Doctors nicknamed a little South African baby girl “Wonder Woman” after she survived a very premature birth.
Jazeel Hlope was born on July 21 after just 25 weeks in the womb. Extremely tiny, she weighed 395 grams (.87 pounds), and doctors thought she probably would not survive, the Daily Mail reports.
But baby Jazeel overcame her premature birth, and her family expects that she will be well enough to go home soon.
“She has been in the hospital for nearly 150 days and has gained a lot of weight and strength in that time,” her mother, Helen Sauls, said.
The Johannesburg mother said she was suffering from gestational hypertension when Jazeel arrived 15 weeks early.
Staff at Netcare Clinton Hospital said Jazeel is the youngest baby who they have ever cared for, and she stunned them all.
“She’s one of the miracles who shows us what’s possible,” said Dr Klaas Mnisia, a neonatologist at the hospital. “These days micro-premature babies have a better chance of surviving, and Jazeel is now thriving.”
The hospital staff nicknamed Jazeel “Wonder Woman” and even had a tiny superhero costume made for her, according to the report.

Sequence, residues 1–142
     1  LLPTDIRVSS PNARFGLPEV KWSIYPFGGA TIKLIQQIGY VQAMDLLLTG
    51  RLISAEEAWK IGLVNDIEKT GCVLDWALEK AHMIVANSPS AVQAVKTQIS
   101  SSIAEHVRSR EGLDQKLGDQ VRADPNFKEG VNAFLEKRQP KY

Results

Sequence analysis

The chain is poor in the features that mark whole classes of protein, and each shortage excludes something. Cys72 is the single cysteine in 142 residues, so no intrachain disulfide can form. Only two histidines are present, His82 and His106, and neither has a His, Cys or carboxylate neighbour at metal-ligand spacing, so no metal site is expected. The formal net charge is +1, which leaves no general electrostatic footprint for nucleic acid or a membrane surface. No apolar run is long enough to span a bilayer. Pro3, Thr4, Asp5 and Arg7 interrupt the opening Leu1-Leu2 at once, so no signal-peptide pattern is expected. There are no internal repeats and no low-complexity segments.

Now, her mother said she weighs almost 5 pounds and can drink a whole bottle in one sitting.
“I am very excited about the prospect of taking my baby home, but obviously we do not want to rush,” Sauls said.
Her miraculous survival and that of many other micro-premature babies are demonstrating how far technological advancements have come. Up until recently, doctors considered 24 weeks to be the point of viability for an unborn baby, but more and more babies are surviving earlier.
Earlier this month, the journal Pediatrics highlighted a baby girl in the United States who survived after being born 21 weeks and four days after conception. The girl, who now is 3, is believed to be the youngest premature baby to survive.
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A Duke University study published in January found babies born at just 23 weeks gestation are surviving outside the womb at a greater rate than ever before. Researchers examined 4,500 babies between 2000 and 2011 and found a “small but significant drop in fatalities for babies born between 23 and 37 weeks gestation,” as well as a decrease in premature babies manifesting with neurophysiological problems, the Daily Mail reported.
Research published in 2015 in the New England Journal of Medicine also found that 23 percent of premature infants are surviving birth as early as 22 weeks. However, the study also found that some hospitals are not giving babies treatment at this early age, despite talk about pushing back the standard viability line from 24 weeks to 23.